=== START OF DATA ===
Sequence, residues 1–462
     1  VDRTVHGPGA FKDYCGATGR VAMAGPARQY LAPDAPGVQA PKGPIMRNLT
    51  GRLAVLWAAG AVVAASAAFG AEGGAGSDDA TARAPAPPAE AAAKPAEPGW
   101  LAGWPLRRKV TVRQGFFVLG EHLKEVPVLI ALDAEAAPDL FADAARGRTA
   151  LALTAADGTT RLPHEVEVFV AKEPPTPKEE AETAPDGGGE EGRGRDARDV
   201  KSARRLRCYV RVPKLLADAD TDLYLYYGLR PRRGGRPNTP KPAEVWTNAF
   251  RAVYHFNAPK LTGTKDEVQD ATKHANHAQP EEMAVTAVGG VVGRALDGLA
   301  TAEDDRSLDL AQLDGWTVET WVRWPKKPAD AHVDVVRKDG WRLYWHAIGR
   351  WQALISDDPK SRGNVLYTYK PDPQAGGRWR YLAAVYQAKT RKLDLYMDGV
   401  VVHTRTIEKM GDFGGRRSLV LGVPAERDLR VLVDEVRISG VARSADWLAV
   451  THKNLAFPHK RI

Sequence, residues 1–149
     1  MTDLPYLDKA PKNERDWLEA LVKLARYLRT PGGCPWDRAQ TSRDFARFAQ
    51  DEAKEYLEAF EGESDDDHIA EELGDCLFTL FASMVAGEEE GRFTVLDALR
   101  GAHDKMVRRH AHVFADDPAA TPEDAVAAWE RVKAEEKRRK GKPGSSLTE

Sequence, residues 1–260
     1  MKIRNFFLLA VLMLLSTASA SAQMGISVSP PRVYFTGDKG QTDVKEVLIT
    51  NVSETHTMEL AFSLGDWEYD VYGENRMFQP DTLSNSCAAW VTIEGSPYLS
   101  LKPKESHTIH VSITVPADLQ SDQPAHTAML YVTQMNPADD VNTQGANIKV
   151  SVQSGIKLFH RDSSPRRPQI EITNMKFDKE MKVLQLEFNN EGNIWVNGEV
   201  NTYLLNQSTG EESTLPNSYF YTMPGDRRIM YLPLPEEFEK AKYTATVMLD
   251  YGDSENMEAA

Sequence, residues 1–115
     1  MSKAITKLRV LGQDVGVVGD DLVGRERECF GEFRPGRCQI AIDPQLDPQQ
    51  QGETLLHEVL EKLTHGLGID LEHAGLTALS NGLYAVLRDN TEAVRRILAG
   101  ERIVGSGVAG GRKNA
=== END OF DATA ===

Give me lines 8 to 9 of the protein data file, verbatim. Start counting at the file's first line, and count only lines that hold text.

   301  TAEDDRSLDL AQLDGWTVET WVRWPKKPAD AHVDVVRKDG WRLYWHAIGR
   351  WQALISDDPK SRGNVLYTYK PDPQAGGRWR YLAAVYQAKT RKLDLYMDGV